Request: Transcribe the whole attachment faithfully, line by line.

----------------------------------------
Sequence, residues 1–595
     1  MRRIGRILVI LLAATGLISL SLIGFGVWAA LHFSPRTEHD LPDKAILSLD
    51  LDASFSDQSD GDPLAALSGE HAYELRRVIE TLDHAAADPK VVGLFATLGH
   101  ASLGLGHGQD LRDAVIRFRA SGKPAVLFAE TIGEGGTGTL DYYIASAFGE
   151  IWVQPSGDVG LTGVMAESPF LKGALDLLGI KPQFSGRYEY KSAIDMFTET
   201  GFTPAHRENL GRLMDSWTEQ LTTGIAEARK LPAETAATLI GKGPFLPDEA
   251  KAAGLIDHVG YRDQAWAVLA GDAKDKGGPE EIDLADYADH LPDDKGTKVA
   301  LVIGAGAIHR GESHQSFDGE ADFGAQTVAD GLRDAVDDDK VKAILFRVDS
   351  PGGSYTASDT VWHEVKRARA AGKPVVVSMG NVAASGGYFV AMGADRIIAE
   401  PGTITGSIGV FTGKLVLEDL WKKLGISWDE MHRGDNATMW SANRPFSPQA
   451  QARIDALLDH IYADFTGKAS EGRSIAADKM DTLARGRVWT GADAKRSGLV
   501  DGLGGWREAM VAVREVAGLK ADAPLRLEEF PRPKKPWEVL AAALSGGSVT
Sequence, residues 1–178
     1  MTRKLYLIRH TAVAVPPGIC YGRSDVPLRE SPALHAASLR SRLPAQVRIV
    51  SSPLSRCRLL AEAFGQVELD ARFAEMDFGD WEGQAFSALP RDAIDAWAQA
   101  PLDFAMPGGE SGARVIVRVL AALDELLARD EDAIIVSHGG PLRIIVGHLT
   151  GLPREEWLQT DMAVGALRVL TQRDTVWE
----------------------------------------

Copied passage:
Sequence, residues 1–595
     1  MRRIGRILVI LLAATGLISL SLIGFGVWAA LHFSPRTEHD LPDKAILSLD
    51  LDASFSDQSD GDPLAALSGE HAYELRRVIE TLDHAAADPK VVGLFATLGH
   101  ASLGLGHGQD LRDAVIRFRA SGKPAVLFAE TIGEGGTGTL DYYIASAFGE
   151  IWVQPSGDVG LTGVMAESPF LKGALDLLGI KPQFSGRYEY KSAIDMFTET
   201  GFTPAHRENL GRLMDSWTEQ LTTGIAEARK LPAETAATLI GKGPFLPDEA
   251  KAAGLIDHVG YRDQAWAVLA GDAKDKGGPE EIDLADYADH LPDDKGTKVA
   301  LVIGAGAIHR GESHQSFDGE ADFGAQTVAD GLRDAVDDDK VKAILFRVDS
   351  PGGSYTASDT VWHEVKRARA AGKPVVVSMG NVAASGGYFV AMGADRIIAE
   401  PGTITGSIGV FTGKLVLEDL WKKLGISWDE MHRGDNATMW SANRPFSPQA
   451  QARIDALLDH IYADFTGKAS EGRSIAADKM DTLARGRVWT GADAKRSGLV
   501  DGLGGWREAM VAVREVAGLK ADAPLRLEEF PRPKKPWEVL AAALSGGSVT
Sequence, residues 1–178
     1  MTRKLYLIRH TAVAVPPGIC YGRSDVPLRE SPALHAASLR SRLPAQVRIV
    51  SSPLSRCRLL AEAFGQVELD ARFAEMDFGD WEGQAFSALP RDAIDAWAQA
   101  PLDFAMPGGE SGARVIVRVL AALDELLARD EDAIIVSHGG PLRIIVGHLT
   151  GLPREEWLQT DMAVGALRVL TQRDTVWE